December 3, 1999


After Clinton's Push, Questions About Motive


SEATTLE -- The rebellion that is getting all the attention here is the one that is happening on the streets, as protest groups who argue vociferously with each other about what's wrong with the global economy march together to insist that the system must change.


Also in Friday's Times

  • Workers' Rights: U.S. Effort to Add Labor Standards to Agenda Fails
  • Street Rage: Dark Parallels With Anarchy Concocted in Oregon

    Speech Text

  • President Clinton: "Open This System Up"

    Recent Coverage

  • The Overview: In Stormy Seattle, Clinton Chides World Trade Body (Dec. 2)
  • The Blame: Clenched Fists in Seattle Lead to Pointed Fingers (Dec. 2)
  • The Hosts: Seattle Is Stung, Angry and Chagrined as Opportunity Turns to Chaos (Dec. 2)
  • The Visitors: Seeing the Fear of Free Trade Made Concrete (Dec. 2)
  • The Reaction: Internationally, Embarrassment for U.S. (Dec. 2)
  • Keeping French Fears of U.S. Dominance at Bay (Dec. 2)
  • Brazil Has Become the Poster Child for Free Trade (Dec. 2)
  • National Guard Is Called to Quell Trade-Talk Protests (Dec. 1)
  • A Chaotic Intersection of Tear Gas and Trade Talks (Dec. 1)
  • A Time of Trial by Taunt for the World Trade Chief (Dec. 1)
  • Trade Talks Start in Seattle Despite a Few Disruptions (Nov. 30)
  • Protesters Could Steal the Show at Seattle Trade Talks (Nov. 29)
  • Global Trade Forum Reflects a Burst of Conflict and Hope (Nov. 28)
  • Clinton Fails to Get World Leaders to Attend Seattle Trade Talks (Nov. 24)
  • U.S. Reaches an Accord to Open China Economy as Worldwide Market (Nov. 16)
  • Global Trade Harmony? Yeah, Right (Nov. 13)

    At a Glance

  • Protesters' Complaints

    Audio Special

  • Rudra Bach, Protesting in Downtown Seattle

    Video Collection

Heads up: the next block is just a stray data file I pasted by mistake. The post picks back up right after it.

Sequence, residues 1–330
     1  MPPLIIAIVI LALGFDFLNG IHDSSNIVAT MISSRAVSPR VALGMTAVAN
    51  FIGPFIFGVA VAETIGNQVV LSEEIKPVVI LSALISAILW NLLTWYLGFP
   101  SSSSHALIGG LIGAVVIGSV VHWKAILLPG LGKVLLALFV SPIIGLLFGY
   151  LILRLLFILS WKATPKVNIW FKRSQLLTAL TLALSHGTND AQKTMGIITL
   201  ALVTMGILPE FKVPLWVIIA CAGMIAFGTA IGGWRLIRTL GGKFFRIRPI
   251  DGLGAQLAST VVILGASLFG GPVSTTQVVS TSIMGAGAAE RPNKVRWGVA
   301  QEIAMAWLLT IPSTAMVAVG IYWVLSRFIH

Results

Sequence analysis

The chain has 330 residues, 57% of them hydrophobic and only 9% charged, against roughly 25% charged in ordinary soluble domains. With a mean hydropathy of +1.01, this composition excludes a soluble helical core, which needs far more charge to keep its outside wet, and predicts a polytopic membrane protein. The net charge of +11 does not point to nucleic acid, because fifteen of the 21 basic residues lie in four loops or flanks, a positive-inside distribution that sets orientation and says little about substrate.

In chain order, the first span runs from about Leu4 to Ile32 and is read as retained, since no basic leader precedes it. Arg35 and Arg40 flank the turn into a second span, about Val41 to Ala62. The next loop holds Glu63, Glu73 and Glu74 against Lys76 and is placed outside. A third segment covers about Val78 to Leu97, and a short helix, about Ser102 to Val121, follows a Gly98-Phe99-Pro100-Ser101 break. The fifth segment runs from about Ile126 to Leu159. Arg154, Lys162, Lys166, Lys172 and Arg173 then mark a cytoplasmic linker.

• Protesting the World Trade Organization

    Slide Show

  • Protesting the World Trade Organization (Dec. 1)


  • Join a Discussion on the Protests Against the World Trade Organization
  • But an equally fascinating struggle is happening six floors up, in the convention center where President Clinton made a last appeal today to the representatives of the 135 nations gathered here. It is a struggle over how much influence the United States should have in rewriting the rules of the global economy. In those negotiations, the protests are fueled by suspicions that what's going on is an effort to tailor the global trading system to America's competitive strengths and Vice President Al Gore's campaign needs.

    Clinton used his appearances here to contend that developing countries can have it both ways. They can pay workers more and allow them to unionize, he said, or keep from spewing more pollutants into the air and water, without sacrificing economic growth. "I don't know if I've persuaded many of you about this," he said just before leaving.

    By all appearances, he has not persuaded many. The pervasive sense in the hallways of these talks is that Clinton is making a shrewd calculation about how to protect two vital constituencies for Mr. Gore -- labor unions and environmental groups -- that have felt angry and alienated since the signing of the North American Free Trade Agreement in 1993.

    And talk to the Indians or the French or the Japanese, and all say the same thing: behind the high-minded statements, the United States is hoping to seize an astounding moment of American power -- economic power, cultural power, and military power -- to satisfy powerful domestic constituencies.

    Why else, some have asked, would the United States insist that all e-commerce remain tariff-free? "Because you are the Microsoft economy," said one Japanese negotiator, referring to Seattle's hometown team.

    And why else would the United States refuse to discuss its powerful antidumping laws as part of the negotiations, while insisting that labor and the environment be on the agenda? Because American labor unions demand that Clinton and Gore preserve the most potent weapon in its trade arsenal, diplomats from China and Eastern Europe say.